A Surety of Truth- Numbers 23:19, Mark 10:18

God is not a man, that he should lie; neither the son of man, that he should repent: hath he said, and shall he not do it? or hath he spoken, and shall he not make it good?

And Jesus said unto him, Why callest thou me good? there is none good but one, that is, God.

COMMENTARY

God is not a man, that he should lie; hath he spoken, and shall he not make it good
And Jesus said unto him, Why callest thou me good? there is none good but one, that is, God.
Previously we spoke of building ourselves on solid foundations, and yesterday we considered the folly of relying on our own self for that. We have to find external sources that we can trust, ones that we can ever be sure of for support and demonstration.
And as today’s verses illustrate, that reliable source is not found in any human. No person is a perfect foundation to build on. It is good to have friends and it is good to glean from the example of noble souls, but they cannot be the core of our faith. I have come to realize that the greatest value of mentors is simply for them to point the way to God, as He alone can provide that sure foundation.
And that applies to me, too. I am a father, and I want to always be a help and support to my children. But because I am mortal, I know that they will have needs that I cannot provide for, there will be times that I let them down, there will be examples of mine that would lead them astray, and there will be moments where my absolute best just isn’t good enough. If I want to be a good father, I must encourage them to detach their reliance on me, and put it instead on the Lord.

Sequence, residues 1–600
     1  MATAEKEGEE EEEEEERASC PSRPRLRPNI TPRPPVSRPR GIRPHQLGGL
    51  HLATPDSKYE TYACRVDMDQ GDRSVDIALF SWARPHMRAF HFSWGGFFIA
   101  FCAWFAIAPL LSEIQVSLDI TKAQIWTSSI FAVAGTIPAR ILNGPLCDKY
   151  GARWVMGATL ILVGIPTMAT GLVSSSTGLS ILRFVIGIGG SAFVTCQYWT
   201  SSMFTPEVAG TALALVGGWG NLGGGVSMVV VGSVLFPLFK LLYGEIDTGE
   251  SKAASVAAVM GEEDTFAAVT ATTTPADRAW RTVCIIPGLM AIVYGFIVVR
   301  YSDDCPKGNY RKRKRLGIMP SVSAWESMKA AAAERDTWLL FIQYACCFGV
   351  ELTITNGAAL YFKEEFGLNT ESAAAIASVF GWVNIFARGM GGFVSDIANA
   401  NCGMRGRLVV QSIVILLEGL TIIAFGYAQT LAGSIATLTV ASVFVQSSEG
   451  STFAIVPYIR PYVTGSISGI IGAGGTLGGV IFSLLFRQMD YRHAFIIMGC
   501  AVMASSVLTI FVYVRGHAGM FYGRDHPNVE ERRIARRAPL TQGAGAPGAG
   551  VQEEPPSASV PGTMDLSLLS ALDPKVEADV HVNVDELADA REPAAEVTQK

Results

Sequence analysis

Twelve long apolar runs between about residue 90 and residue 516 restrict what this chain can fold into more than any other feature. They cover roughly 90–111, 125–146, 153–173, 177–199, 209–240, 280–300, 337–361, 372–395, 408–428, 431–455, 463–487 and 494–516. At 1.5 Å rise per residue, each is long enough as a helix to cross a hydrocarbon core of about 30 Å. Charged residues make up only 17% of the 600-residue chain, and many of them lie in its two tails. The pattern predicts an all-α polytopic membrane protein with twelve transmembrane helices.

What Chance Do I Have?- 2 Timothy 1:7, John 14:27

For God hath not given us the spirit of fear; but of power, and of love, and of a sound mind.

Peace I leave with you, my peace I give unto you: not as the world giveth, give I unto you. Let not your heart be troubled, neither let it be afraid.

COMMENTARY

For God hath not given us the spirit of fear; but of power
Peace I leave with you. Let not your heart be troubled, neither let it be afraid
It might be natural for us to try and weigh the odds of our remaining faithful, to question whether we have the “right stuff” and can hold out valiant. But such a spirit of uncertainty is not divinely approved. Many a soul runs into trouble when they start to question if they have the capacity to be good, creating for themselves a self-fulfilling prophecy of failure. Rather we are reminded that God gives a spirit of power, and of peace.
We are commanded to be faithful in all things (1 Timothy 3:11). Most often we speak of being faithful as being loyal, but the composition of the word literally means “full of faith.” And included among the “all things” that we should have full faith in…is ourselves. When I feel God’s spirit I feel a confidence in myself, an assurance that I am made in His image and that I am good. That isn’t to say that I don’t need help, only that I know God believes in me, so I should, too. The “right stuff” is in me, I don’t need to worry about that. I just need to get out of its way and let it shine forth.

What Chance Do I Have?- Question